7 cruise evacuees infected, first tests disclose
Seven Grand Princess cruise ship passengers quarantined at Travis Air Force Base in Fairfield— all with no symptoms — tested positive for the coronavirus, The Chronicle has learned, as the first batch of swab results from the voluntary testing came back Friday.
The seven individuals have been sent to a care facility outside Travis for continued care, a federal official familiar with the Travis quarantine and testing told The Chronicle.
The test results raise questions about the quarantine and the fact that twothirds of the 858 passengers isolated on Travis Air Force Base have declined to be tested, often at the encouragement of federal health officials. The federal official said that the seven positives out of 110 tests would not change the optional testing, including for loved ones who may have been living in quarantine with the infected passengers.
“There is no mandatory testing due to contact with a positive individual,” said the official, whom The Chronicle agreed not to name because this person was not authorized to speak to the media. “There’s no change to the release plan.”
Requests for comment from the U.S. Department of Health and Human Services and Travis Air Base officials were not immediately returned Saturday.
A total of 308 passengers volunteered to be tested earlier this week, but the rest of the results have not returned yet. All of the Travis passengers
who had not tested positive or been hospitalized with symptoms while there had staggered release dates, starting Monday and ending Friday.
The large group of passengers was monitored by federal health officials during their stay, getting temperature checks twice a day. Despite Vice President Pence’s vow that all the passengers would be screened for the virus, only a third agreed to the testing. Passengers said administrators dissuaded them, saying the 14day quarantine was sufficient and a test could potentially delay their release. Others said the testing numbers would have been higher if offered when passengers first arrived at the air base, but there were not enough tests, personnel or protective equipment.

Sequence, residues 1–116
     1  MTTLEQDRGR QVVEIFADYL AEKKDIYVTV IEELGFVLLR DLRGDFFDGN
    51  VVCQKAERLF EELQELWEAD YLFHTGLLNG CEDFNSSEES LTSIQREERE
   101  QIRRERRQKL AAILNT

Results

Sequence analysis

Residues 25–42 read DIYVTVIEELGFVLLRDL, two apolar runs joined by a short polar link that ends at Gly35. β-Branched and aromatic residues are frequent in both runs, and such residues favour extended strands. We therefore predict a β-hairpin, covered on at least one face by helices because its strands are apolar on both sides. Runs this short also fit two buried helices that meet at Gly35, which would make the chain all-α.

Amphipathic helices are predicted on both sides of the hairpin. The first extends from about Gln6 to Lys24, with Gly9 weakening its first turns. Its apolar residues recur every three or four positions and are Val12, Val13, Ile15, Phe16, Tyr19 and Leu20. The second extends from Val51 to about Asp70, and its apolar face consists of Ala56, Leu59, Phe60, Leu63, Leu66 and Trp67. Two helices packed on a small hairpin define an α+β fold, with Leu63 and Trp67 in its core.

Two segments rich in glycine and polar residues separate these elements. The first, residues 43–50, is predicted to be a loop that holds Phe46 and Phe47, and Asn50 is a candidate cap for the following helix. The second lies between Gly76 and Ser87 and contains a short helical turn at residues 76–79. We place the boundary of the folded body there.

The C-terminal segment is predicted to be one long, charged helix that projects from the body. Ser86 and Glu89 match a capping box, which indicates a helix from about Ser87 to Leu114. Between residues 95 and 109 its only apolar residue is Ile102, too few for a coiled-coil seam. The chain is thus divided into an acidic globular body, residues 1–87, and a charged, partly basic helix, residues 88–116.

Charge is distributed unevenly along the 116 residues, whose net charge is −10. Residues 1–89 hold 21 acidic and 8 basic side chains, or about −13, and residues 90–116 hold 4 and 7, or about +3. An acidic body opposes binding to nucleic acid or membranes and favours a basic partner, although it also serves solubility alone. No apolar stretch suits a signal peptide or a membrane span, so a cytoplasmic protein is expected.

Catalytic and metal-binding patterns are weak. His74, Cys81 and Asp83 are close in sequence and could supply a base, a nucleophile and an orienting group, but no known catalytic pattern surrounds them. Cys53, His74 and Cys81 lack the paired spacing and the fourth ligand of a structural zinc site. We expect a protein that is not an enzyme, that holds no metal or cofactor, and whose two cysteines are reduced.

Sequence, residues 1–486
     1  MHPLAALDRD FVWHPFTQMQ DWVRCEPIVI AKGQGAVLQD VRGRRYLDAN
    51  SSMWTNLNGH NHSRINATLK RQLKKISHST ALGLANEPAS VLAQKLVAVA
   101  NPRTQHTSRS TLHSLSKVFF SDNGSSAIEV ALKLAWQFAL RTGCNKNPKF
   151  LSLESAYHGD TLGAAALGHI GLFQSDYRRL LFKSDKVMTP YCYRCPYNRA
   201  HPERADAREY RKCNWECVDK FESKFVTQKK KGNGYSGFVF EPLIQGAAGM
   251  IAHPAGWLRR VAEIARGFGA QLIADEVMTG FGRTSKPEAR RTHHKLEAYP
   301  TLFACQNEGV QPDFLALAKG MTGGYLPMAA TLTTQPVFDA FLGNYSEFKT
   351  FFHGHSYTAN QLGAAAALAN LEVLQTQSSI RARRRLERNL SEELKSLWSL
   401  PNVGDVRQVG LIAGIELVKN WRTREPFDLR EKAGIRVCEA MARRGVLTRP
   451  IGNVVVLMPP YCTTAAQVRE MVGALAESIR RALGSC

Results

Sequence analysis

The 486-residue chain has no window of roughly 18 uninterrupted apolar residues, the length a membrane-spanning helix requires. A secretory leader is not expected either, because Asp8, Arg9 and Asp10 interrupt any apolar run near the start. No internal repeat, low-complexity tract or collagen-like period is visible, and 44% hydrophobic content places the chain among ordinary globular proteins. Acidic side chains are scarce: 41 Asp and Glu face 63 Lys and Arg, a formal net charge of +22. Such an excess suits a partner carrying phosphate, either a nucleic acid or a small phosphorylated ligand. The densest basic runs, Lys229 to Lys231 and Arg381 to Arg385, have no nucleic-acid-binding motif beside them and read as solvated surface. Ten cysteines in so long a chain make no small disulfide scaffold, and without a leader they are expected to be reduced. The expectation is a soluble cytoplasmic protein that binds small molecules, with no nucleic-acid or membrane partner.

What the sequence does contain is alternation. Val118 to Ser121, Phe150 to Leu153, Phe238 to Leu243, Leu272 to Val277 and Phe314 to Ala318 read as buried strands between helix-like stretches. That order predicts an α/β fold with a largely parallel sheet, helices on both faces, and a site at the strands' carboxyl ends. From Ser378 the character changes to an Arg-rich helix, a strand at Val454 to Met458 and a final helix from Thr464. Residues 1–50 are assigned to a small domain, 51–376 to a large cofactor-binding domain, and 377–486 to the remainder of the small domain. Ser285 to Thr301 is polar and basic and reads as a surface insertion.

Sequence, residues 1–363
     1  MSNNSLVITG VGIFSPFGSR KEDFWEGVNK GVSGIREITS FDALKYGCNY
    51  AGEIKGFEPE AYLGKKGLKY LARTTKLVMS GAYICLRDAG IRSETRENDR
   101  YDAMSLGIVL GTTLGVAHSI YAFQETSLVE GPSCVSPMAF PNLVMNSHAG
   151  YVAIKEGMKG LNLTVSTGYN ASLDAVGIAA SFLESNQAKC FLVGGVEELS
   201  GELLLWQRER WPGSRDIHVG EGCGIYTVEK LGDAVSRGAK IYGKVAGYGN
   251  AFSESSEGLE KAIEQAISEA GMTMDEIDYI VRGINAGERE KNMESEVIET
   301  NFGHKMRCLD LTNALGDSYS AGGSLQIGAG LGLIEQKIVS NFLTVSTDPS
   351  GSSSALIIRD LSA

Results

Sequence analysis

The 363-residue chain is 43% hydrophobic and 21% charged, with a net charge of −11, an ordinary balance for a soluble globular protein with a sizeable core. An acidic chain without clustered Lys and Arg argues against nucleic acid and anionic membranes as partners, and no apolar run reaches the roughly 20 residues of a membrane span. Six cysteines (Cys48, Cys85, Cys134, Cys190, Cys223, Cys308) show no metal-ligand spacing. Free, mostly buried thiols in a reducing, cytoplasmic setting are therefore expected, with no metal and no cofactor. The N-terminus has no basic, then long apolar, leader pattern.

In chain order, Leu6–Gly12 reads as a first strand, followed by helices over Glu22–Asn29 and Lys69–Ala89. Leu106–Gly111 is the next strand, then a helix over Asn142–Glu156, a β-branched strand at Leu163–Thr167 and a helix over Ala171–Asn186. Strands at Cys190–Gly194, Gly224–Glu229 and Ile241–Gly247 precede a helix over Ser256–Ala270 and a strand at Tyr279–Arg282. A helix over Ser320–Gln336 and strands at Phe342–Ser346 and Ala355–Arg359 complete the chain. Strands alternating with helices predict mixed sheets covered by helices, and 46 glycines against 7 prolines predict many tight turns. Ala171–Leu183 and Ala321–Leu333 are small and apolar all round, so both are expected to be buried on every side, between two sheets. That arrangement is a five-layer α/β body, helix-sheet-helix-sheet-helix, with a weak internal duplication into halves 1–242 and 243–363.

John Swartzberg, a UC Berkeley infectious disease expert, said even with the positive test results of asymptomatic passengers, decisions on releasing them back into the general public are incredibly nuanced.
“If these people were in the quarantine and they did not cross infect each other, then the 14 days of being in quarantine is a reasonable plan,” he said. “It’s not perfect, but nothing is perfect with this.”
There is a “very, very small” chance of getting ill after two weeks, Swartzberg said. He added that studies are showing there are asymptomatic coronavirus carriers and that infected individuals without symptoms can remain contagious.
“Those are big unknowns and it’s impossible to write a policy where somebody gets released and absolutely does not release the virus,” he said. There is also evidence of coronavirus falsenegative test results, he said, so even testing is not foolproof.
George Rutherford, a UCSF professor of epidemiology, agreed that the 14day quarantine should be sufficient — with complete isolation.
“If there was transmission in the quarantine facility, then it’s another story,” Rutherford said.
That has been a hot topic among passengers who spoke to The Chronicle. Many complained about how logistics were handled after they disembarked from the cruise ship, saying they were put on crowded buses with people removing their masks to eat next to each other.
Photos circulated in those first days of passengers crowded into a lobby and other common areas. One passenger from the Sacramento area told The Chronicle he has repeatedly complained about the lax nature of food deliveries and common areas. For a while, passengers all got coffee from the same spigot, he said.
“I firmly believe this quarantine was handled with great incompetence,” he said in an email with photos of the intermixing. He asked to not be named due to the tense atmosphere on the base among passengers and federal officials. The Chronicle agreed not to identify the federal official or the former passenger in accordance with its policy on the use of anonymous sources.
Rutherford also urged that close contacts of the seven new infected passengers be further scrutinized.
“I’d insist on testing close contacts (for instance, a spouse that shared the room), but I think I’d let the others go if they were asymptomatic after 14 days,” he said in an email. “It’s a judgment call.”